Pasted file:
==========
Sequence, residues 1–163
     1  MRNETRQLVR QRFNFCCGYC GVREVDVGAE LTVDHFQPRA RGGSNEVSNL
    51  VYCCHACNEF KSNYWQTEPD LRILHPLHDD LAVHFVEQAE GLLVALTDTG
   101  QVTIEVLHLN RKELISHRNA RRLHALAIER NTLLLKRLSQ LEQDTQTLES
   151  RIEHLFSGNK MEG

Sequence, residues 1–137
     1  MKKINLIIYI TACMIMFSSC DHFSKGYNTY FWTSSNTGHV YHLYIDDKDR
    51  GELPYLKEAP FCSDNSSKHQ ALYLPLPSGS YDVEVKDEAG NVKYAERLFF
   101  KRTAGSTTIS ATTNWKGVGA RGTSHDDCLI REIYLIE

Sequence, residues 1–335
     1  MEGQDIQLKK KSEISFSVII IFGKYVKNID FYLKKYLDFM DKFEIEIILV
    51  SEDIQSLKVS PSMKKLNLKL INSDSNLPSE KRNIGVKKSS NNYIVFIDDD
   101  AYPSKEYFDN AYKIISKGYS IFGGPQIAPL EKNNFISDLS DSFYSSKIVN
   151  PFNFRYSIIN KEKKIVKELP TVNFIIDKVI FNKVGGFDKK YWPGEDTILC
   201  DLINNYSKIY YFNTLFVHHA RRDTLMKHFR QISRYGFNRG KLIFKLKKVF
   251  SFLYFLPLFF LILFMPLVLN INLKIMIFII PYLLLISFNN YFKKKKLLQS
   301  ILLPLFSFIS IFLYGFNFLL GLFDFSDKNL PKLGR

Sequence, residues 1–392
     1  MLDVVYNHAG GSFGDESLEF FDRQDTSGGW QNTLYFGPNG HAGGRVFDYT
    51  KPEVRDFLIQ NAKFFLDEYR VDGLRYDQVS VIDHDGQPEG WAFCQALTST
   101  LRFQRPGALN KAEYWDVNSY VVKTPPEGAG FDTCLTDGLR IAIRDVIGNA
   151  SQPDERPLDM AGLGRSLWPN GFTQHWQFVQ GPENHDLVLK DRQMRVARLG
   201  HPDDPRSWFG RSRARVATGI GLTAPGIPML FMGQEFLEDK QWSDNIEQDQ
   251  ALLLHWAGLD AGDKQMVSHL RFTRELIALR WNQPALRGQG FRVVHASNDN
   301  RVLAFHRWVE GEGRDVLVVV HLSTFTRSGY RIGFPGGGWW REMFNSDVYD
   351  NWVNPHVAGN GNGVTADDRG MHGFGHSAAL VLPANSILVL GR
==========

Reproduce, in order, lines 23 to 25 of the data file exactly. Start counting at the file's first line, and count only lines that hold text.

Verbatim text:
   201  HPDDPRSWFG RSRARVATGI GLTAPGIPML FMGQEFLEDK QWSDNIEQDQ
   251  ALLLHWAGLD AGDKQMVSHL RFTRELIALR WNQPALRGQG FRVVHASNDN
   301  RVLAFHRWVE GEGRDVLVVV HLSTFTRSGY RIGFPGGGWW REMFNSDVYD